"You are not the same innocent, lighthearted creature who set out from Buckland all those months ago. You have seen the greatest and most terrible events of this age, and you have grown far beyond the simple pleasures of hobbit hole and pipeweed. The Shire may not seem so much like home to you, now."

"Was Minas Tirith any less your home, for the months you spent away from it? Or for what you found when you returned?"

"Nay." He hesitated, then added, softly, "Were she burned black as Sauron's hand, ground into dust, her people scattered through the wilderness, yet would my heart ever dwell in the White Tower."

"Then you do understand."

"Aye." Boromir took a deep, sighing breath, made ragged by the pain of the wound in his side. "I cannot hold you here, and I cannot follow you into the West. So I have no choice but to find my way without you."

"I must find a way, too."

They both fell quiet and yet, in spite of their melancholy thoughts, it was a companionable silence. Merry found that he had no arguments, pleas or advice left to give his friend. Nothing would take away the pain of bidding farewell to Gondor and her beloved Steward, but he could comfort himself with the certainty that her King would safeguard them both. And however sorely he might miss his halfling guide, Boromir would still find his way through the dark paths that awaited him. Merry had no doubt of that. All that remained was for Merry to set his feet upon the path that he had chosen, lonely though it would be, and follow it home.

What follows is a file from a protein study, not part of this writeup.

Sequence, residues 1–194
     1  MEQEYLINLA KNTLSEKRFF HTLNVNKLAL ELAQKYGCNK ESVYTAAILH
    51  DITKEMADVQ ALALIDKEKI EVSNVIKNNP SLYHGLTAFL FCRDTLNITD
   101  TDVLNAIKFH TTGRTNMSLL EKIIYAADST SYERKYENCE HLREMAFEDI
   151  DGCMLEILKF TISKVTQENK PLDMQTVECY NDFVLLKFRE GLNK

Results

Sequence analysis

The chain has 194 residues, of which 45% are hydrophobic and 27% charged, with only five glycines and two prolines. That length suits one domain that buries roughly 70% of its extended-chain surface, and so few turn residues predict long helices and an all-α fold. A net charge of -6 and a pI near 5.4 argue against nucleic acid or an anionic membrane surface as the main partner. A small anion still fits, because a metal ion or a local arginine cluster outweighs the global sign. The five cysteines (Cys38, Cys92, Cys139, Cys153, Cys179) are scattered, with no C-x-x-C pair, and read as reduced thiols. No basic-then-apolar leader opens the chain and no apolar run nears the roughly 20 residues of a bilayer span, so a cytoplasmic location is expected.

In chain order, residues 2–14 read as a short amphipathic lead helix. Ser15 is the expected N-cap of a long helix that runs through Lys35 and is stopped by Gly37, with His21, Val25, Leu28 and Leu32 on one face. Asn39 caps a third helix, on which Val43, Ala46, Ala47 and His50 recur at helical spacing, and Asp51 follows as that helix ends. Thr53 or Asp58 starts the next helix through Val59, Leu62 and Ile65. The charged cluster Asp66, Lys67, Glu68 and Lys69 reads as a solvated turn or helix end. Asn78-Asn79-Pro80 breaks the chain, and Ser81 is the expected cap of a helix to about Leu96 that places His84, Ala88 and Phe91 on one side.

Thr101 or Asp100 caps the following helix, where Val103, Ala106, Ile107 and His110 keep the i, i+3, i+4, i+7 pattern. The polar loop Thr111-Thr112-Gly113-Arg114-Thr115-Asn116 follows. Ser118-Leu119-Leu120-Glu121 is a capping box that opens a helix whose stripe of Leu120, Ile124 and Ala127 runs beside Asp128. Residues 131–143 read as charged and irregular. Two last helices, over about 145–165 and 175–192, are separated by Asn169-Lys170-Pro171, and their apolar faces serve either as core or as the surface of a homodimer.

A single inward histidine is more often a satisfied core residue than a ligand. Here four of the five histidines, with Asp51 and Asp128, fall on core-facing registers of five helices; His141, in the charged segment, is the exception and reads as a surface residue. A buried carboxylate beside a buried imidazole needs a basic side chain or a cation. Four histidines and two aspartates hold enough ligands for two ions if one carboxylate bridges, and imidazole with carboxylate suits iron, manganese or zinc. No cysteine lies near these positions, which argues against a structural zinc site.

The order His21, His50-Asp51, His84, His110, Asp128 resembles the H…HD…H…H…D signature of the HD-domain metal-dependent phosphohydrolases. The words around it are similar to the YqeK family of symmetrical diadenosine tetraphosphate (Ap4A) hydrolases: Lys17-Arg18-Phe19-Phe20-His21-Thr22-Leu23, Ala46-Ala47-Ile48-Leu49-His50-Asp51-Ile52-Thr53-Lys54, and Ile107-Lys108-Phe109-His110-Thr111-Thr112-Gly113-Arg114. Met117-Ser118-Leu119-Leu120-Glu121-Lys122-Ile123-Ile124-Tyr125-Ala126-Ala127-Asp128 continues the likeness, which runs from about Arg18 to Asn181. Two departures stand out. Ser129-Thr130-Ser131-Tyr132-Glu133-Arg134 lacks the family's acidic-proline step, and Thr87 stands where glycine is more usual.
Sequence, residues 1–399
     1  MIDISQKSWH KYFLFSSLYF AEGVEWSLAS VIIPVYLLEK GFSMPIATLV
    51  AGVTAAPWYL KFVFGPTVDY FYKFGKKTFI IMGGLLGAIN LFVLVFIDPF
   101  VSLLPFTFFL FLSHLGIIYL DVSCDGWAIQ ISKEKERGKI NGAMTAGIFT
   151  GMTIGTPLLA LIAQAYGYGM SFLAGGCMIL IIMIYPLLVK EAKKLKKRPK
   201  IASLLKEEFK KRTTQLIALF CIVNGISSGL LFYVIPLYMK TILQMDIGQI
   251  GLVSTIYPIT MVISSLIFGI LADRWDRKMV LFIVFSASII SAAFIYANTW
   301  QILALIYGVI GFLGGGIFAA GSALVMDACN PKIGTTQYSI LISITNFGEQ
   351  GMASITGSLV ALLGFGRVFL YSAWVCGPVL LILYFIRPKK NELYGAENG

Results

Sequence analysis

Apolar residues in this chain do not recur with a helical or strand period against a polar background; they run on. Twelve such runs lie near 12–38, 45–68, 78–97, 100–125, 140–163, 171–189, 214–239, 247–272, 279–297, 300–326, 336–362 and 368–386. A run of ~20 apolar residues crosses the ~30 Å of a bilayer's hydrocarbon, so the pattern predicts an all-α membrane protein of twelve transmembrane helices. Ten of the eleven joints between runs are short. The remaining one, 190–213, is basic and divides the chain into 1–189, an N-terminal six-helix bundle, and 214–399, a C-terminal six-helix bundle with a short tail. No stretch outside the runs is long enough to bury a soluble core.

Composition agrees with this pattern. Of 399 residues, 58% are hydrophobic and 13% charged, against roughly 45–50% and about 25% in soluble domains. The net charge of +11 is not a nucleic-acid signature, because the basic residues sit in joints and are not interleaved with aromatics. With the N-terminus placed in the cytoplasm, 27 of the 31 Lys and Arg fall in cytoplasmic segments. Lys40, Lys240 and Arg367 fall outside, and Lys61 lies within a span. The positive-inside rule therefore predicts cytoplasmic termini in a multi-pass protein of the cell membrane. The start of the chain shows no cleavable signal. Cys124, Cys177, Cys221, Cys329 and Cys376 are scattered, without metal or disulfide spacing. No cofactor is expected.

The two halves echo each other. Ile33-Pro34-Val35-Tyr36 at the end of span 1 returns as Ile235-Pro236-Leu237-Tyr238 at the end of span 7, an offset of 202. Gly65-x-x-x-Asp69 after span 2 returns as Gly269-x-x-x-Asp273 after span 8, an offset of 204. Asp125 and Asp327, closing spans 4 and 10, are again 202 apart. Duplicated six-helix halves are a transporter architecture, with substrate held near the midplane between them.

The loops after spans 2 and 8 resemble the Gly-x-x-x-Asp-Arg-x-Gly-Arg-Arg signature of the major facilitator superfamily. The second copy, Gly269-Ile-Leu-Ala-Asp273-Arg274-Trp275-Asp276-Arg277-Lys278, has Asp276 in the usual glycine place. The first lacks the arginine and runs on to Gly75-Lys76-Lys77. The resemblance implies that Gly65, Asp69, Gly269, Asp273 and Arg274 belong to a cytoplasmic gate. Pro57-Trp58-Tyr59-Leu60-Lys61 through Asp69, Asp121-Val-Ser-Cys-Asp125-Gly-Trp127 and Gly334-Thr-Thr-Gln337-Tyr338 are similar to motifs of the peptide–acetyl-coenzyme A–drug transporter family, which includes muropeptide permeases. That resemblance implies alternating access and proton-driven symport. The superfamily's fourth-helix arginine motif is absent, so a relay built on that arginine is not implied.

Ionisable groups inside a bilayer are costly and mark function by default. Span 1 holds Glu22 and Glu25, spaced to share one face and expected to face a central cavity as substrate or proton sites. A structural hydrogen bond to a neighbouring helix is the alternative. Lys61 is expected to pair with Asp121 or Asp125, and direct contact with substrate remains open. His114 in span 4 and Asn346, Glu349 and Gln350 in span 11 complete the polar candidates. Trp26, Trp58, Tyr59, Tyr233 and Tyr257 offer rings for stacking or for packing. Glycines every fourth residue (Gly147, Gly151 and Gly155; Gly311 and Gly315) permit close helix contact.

When Boromir stirred and lifted his free hand to cover his eyes, Merry left off contemplating the weary leagues that separated Minas Tirith from the Shire and turned his attention to the injured Man. The gesture spoke of pain and weariness, and it reminded Merry of his duty.